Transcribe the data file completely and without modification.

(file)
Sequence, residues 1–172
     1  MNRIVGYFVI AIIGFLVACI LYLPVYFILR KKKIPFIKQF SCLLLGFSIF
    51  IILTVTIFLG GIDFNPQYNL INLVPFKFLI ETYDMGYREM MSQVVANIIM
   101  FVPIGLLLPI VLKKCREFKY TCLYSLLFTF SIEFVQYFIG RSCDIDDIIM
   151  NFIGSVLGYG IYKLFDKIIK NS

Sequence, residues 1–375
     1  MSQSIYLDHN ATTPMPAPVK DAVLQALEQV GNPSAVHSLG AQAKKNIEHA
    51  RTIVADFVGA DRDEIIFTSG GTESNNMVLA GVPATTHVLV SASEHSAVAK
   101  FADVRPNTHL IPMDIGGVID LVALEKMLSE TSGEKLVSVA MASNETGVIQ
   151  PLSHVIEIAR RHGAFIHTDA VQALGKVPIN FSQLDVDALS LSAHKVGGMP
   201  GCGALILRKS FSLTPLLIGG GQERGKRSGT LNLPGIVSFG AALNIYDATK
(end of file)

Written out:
Sequence, residues 1–172
     1  MNRIVGYFVI AIIGFLVACI LYLPVYFILR KKKIPFIKQF SCLLLGFSIF
    51  IILTVTIFLG GIDFNPQYNL INLVPFKFLI ETYDMGYREM MSQVVANIIM
   101  FVPIGLLLPI VLKKCREFKY TCLYSLLFTF SIEFVQYFIG RSCDIDDIIM
   151  NFIGSVLGYG IYKLFDKIIK NS

Sequence, residues 1–375
     1  MSQSIYLDHN ATTPMPAPVK DAVLQALEQV GNPSAVHSLG AQAKKNIEHA
    51  RTIVADFVGA DRDEIIFTSG GTESNNMVLA GVPATTHVLV SASEHSAVAK
   101  FADVRPNTHL IPMDIGGVID LVALEKMLSE TSGEKLVSVA MASNETGVIQ
   151  PLSHVIEIAR RHGAFIHTDA VQALGKVPIN FSQLDVDALS LSAHKVGGMP
   201  GCGALILRKS FSLTPLLIGG GQERGKRSGT LNLPGIVSFG AALNIYDATK